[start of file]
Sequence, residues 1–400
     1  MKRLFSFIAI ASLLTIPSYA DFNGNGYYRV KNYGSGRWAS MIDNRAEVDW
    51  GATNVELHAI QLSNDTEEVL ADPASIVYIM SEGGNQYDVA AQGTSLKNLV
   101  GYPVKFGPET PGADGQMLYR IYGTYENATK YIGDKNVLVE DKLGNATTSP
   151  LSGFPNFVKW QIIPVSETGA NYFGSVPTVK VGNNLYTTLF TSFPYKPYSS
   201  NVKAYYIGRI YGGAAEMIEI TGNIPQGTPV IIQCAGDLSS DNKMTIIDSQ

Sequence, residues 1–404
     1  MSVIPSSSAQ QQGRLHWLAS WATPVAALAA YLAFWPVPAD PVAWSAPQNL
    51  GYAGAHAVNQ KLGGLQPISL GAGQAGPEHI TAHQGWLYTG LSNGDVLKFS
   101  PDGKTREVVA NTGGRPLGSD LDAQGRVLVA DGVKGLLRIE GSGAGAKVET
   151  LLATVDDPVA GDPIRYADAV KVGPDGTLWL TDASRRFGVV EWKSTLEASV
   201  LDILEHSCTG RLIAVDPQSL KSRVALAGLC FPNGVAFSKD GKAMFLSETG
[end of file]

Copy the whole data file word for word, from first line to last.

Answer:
Sequence, residues 1–400
     1  MKRLFSFIAI ASLLTIPSYA DFNGNGYYRV KNYGSGRWAS MIDNRAEVDW
    51  GATNVELHAI QLSNDTEEVL ADPASIVYIM SEGGNQYDVA AQGTSLKNLV
   101  GYPVKFGPET PGADGQMLYR IYGTYENATK YIGDKNVLVE DKLGNATTSP
   151  LSGFPNFVKW QIIPVSETGA NYFGSVPTVK VGNNLYTTLF TSFPYKPYSS
   201  NVKAYYIGRI YGGAAEMIEI TGNIPQGTPV IIQCAGDLSS DNKMTIIDSQ

Sequence, residues 1–404
     1  MSVIPSSSAQ QQGRLHWLAS WATPVAALAA YLAFWPVPAD PVAWSAPQNL
    51  GYAGAHAVNQ KLGGLQPISL GAGQAGPEHI TAHQGWLYTG LSNGDVLKFS
   101  PDGKTREVVA NTGGRPLGSD LDAQGRVLVA DGVKGLLRIE GSGAGAKVET
   151  LLATVDDPVA GDPIRYADAV KVGPDGTLWL TDASRRFGVV EWKSTLEASV
   201  LDILEHSCTG RLIAVDPQSL KSRVALAGLC FPNGVAFSKD GKAMFLSETG